Yesterday, Wise Bread put together a list of Top Personal Finance Blogs by Women. The post was prompted by Lynn Truong’s attendance at the BlogHer conference in San Francisco last month where she expected to run into quite a few personal finance bloggers… after all, there were over a thousand women bloggers attending the event. The conference planners set aside a room for a personal finance meet-up and nobody showed except the host, sponsors and contingency of writers from Wise Bread. I attended BlogHer 07 and AOL sponsored a lunch with Mary Hunt, AOL Money Coach and author of Debt-Proof Living. The turn out was about the same.
So where are all the women personal finance bloggers? And why are women afraid to write about money? Or are they writing about money but their blogs are classified as something besides personal finance blogs. Here are a couple of comments from the Wise Bread post:
I think the fact that women write about personal finance (mostly) from a personal perspective causes a lot of PF blogs to get classified as other sorts of blogs- family or mommy or giveaways etc- in the minds of the authors. Almost as if there were the attitude that I’m a mom, so it’s a mommy blogger talking just about money.
I consider my own site a hybrid between personal finance and mom-blogging, even though I almost exclusively write about finance and frugality.
I think it’s interesting what one commenter said about women financial blogs being written from a personal perspective giving the impression that they are mommy blogs or whatever. I find it interesting because Trent from The Simple Dollar writes from a personal perspective but people just accept it as is, without putting him in the same camp of personal blogs.A year ago, I looked at this topic in a similar way by noting how few women rank in the Top 100 Personal Finance blogs. Only two blogs written by women made it into the Top 25. In a follow up post, Kay Bell at Don’t Mess with Taxes weighed in on the topic. She writes:
I do believe there are gender differences in how women and men approach finances… Even today, some gender-specific societal expectations manage to persist. That’s a topic for a whole ’nother set of blogs. But perhaps some of these antiquated ways are partly behind a trend I’ve noticed. That is, a lot of women take a more “supportive” fiscal approach, focusing on money maintenance, holding on to what they have, instead of taking steps to advance it.Okay, so men and women think differently about money. Why is that? Perhaps this classification stems from something broader and we can partly blame the media. Look no further than the magazines lined up at the newsstand. Women get touchy-feely encouragement and men get hard-hitting advice.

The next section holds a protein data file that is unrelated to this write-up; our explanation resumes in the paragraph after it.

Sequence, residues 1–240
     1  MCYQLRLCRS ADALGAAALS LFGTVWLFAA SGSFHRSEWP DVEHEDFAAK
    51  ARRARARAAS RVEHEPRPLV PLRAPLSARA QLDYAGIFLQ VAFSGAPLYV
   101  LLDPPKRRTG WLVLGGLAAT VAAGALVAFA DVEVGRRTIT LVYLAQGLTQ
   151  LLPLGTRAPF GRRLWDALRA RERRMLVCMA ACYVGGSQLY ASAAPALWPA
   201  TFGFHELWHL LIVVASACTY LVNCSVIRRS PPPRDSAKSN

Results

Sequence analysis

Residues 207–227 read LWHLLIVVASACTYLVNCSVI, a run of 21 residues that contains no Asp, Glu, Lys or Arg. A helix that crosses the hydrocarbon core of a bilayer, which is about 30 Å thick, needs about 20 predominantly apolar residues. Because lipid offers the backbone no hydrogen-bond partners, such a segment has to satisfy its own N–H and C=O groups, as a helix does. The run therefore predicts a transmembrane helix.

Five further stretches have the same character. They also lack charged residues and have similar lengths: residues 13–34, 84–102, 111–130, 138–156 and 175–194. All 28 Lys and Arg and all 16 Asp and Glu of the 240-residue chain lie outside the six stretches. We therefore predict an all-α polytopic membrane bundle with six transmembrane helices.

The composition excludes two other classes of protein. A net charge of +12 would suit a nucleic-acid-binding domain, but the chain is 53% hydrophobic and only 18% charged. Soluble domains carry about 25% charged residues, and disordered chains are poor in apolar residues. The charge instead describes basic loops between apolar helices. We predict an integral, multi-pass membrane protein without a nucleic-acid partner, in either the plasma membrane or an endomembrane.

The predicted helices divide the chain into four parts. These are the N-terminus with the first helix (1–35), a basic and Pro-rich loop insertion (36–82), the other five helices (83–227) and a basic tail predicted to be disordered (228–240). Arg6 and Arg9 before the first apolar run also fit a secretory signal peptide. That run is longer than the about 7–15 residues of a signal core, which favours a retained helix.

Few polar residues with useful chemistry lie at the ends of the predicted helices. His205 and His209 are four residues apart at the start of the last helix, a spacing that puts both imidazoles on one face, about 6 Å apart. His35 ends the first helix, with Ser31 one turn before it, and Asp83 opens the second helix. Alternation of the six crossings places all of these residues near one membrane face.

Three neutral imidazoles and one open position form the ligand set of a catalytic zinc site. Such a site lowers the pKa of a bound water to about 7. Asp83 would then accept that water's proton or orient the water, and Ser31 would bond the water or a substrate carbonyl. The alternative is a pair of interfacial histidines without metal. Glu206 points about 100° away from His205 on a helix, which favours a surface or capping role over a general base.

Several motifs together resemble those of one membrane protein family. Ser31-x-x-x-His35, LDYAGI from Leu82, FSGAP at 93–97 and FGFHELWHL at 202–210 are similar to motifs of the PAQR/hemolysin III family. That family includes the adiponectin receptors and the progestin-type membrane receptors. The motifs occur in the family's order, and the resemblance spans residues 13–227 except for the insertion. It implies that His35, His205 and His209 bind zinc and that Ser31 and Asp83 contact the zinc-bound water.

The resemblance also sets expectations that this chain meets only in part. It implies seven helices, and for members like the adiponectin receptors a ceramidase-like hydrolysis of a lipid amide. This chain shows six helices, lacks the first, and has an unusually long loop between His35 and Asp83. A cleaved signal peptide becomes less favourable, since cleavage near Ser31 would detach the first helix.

We need to get over that right now and get more aggressive when it comes to money — making it, saving it, investing it. The go-for-it approach seems to be more typical of male financial bloggers. Men, at least in my anecdotal observations, are more apt to be risk takers with their money. They embrace the idea that to make more money you sometimes have to take some financial risks with what you’ve got.
Do you find this is the same with personal finance blogs? Those written by women focus more on the emotions around money while the guys are writing about what we should be doing with our money. I’m certainly guilty of this. For every post I write about creating an alternative revenue stream, there are three about my fears with spending or my emotions around not saving enough.
Am I over simplifying this topic by making such a broad statement: women are one way and men another? Agree or disagree? Let me know what you think in the comments section over at Queercents.
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